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The great merger – acceleration in Gaming M&A is changing the face of the industry

By Brian Murphy & Einav Mor-Samuels
Gaming consolidation - square

It’s no secret that the recent whirlwind of Gaming studio consolidations is unlike anything we’ve seen before. 

Codemasters, Zenimax, Next Level Games, Gearbox, Aspyr Media, New World Interactive, 4A Games, Daybreak, High Voltage Software, and Glu Mobile, all represent a portion of the intensifying M&A activity in the Gaming industry, which was off to a blistering start in 2021. 

To name a few of this year’s staggering M&A activities:

  • Embracer Group bought Borderlands developer Gearbox Entertainment for $1.37 billion, mobile developer Easybrain for $765 million, and porting specialist Aspyr for $450 million. (February)
  • Shareholders of Codemasters approved the $1.2 billion acquisition offer from EA. (February)
  • The European Commission approved Microsoft’s $7.5 billion deal to acquire ZeniMax Media, the parent company of Doom and Fallout studio Bethesda Softworks, making Microsoft the proud owner of 23  1st party game studios. (March)
  • EA acquired mobile game developer Glu Mobile for $2.1 billion in enterprise value. (April)
  • So far in 2021, gaming companies raised a whopping $71B in 844 deals, and the year hasn’t even come to an end yet.

But 2021 was building on what was already a record-breaking 2020. According to market research done by DDM, investments in the Gaming industry reached a new high of $13.2 billion during 2020, up 77% from 2019, and M&A deals soared to 220, marking a 33% YoY increase. 

But things really started heating up in Q4 of 2020, when 75 M&A deals were announced, nearly doubling the number from Q4 2019.

The main underlying factors driving Gaming studio consolidation

Even though the Gaming industry has boomed during the pandemic, producing games has always been a risky business. 

Users can be fickle, development costs have grown exponentially, competition is extremely intense, and creative concepts that seemed like a great idea early in development might have become standard once the game had been completed.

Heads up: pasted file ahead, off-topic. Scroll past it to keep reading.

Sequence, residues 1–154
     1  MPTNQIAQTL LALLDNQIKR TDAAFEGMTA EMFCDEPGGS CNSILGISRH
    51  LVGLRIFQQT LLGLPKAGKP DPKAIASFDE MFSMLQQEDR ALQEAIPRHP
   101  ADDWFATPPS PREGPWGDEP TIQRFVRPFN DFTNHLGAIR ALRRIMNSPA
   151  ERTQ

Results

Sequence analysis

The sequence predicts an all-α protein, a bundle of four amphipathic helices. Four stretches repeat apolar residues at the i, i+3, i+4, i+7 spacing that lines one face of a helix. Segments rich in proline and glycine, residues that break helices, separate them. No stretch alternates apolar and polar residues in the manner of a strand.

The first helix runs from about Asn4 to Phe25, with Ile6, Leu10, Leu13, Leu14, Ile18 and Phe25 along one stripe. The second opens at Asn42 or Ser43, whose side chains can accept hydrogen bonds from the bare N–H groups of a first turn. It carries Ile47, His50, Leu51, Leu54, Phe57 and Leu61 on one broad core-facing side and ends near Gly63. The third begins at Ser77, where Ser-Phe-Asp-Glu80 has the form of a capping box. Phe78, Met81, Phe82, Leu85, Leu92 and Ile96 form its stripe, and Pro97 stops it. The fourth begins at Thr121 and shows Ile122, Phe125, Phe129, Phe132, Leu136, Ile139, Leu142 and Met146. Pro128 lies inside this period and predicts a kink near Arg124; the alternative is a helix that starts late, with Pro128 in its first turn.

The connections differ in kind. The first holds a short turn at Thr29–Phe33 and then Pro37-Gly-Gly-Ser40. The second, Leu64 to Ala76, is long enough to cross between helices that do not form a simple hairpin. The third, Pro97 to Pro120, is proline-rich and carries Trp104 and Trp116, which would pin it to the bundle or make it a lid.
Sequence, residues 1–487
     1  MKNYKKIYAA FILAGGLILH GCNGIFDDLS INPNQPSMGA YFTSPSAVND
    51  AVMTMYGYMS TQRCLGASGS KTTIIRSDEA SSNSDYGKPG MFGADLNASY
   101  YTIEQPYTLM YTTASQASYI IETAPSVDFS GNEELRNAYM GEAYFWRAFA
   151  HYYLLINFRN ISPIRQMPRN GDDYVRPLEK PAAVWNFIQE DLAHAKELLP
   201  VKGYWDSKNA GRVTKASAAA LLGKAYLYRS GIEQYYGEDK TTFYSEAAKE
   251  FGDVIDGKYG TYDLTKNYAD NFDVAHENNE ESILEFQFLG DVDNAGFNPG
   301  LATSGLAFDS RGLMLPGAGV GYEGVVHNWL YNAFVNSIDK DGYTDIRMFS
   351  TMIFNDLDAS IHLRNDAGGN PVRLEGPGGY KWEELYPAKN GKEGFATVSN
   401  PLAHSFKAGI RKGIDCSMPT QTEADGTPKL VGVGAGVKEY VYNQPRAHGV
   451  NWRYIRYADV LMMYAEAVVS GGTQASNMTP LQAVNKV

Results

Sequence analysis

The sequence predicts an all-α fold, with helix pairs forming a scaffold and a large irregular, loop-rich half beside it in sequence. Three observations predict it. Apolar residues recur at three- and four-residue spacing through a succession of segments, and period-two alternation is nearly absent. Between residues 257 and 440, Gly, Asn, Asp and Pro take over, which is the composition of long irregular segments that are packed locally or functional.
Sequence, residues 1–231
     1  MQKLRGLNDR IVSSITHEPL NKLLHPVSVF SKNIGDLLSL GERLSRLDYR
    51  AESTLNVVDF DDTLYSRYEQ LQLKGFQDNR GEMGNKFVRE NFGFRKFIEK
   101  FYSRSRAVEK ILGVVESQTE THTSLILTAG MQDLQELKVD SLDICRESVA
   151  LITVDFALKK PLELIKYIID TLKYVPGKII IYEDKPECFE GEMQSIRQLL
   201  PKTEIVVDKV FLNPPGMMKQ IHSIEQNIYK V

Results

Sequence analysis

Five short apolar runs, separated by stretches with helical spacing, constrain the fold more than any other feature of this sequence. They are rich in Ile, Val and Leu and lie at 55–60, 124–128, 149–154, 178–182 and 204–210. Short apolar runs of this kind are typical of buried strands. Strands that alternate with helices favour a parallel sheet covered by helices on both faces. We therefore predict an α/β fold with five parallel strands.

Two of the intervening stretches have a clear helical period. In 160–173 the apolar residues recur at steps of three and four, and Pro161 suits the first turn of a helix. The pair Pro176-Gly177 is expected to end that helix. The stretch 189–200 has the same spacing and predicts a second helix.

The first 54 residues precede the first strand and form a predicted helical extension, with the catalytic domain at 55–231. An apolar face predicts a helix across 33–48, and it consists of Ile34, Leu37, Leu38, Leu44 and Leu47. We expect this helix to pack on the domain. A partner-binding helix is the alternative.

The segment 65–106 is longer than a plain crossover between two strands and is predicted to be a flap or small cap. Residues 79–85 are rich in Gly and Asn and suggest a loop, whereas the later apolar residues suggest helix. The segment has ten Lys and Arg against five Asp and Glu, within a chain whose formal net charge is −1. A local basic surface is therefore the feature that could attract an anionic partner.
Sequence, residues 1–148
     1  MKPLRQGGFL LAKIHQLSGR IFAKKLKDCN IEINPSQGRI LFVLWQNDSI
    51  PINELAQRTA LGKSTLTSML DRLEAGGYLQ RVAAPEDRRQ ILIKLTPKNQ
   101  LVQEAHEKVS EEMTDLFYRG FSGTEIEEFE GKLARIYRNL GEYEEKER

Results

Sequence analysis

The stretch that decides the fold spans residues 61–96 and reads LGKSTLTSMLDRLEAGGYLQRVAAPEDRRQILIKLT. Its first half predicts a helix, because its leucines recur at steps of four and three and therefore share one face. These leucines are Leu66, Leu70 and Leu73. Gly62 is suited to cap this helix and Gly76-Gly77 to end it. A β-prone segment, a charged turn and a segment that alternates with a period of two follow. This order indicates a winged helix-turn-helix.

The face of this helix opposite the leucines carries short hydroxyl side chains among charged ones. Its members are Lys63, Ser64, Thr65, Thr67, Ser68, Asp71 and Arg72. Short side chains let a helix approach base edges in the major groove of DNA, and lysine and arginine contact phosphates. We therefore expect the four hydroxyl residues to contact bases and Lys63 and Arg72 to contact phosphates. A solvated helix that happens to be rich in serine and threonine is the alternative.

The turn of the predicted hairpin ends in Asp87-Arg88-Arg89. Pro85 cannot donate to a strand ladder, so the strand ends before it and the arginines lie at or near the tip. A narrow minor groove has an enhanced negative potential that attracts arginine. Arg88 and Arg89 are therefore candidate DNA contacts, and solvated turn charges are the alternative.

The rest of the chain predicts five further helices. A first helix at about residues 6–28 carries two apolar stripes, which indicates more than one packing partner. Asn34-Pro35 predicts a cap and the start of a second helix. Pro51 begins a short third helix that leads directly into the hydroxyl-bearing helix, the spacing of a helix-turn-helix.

The landscape can therefore be difficult to navigate even for the most successful independent developers. A couple of good examples would be Gearbox Entertainment Co. and Insomniac Games, companies that were otherwise stable, but have also been sold in the past two years.

But enough about the ‘what’. Let’s address the ‘whys’ and review some of the main reasons behind this blazing trend:

1 – The pandemic – Consumers spending significant lengths of time at home has had a significant impact on the rise of mobile gaming, driving the industry to become the leading segment in the entertainment sector, ahead of music, sports and movies combined. 

From a business perspective, Gaming companies that have enjoyed success over the past few years are putting their increased earnings to use. At the same time, small studios that thrived during the past year and a half are seizing an opportunity to sell high, and avoid what is still an uncertain economic future as the pandemic lingers.

2 – Banks and investment companies are pouring money into the economy, creating an overheated investment environment. As of September 2021, we’re not given any reason to think this trend is near its end.

3 – Studio acquisitions are a great way to secure content for subscription services. Owning original content has long been proven to be a smart and sustainable business decision, and both EA and Microsoft have clearly embraced that lesson. 

4 – Larger Gaming companies have been performing extraordinarily well – Microsoft reported in its fiscal Q2 2021 earnings that gaming revenue increased 51% YoY. Consumer spending on video games has reached new heights during the pandemic, driving up revenues for Sony, Tencent, EA, Nintendo and Activision Blizzard, to name just a few.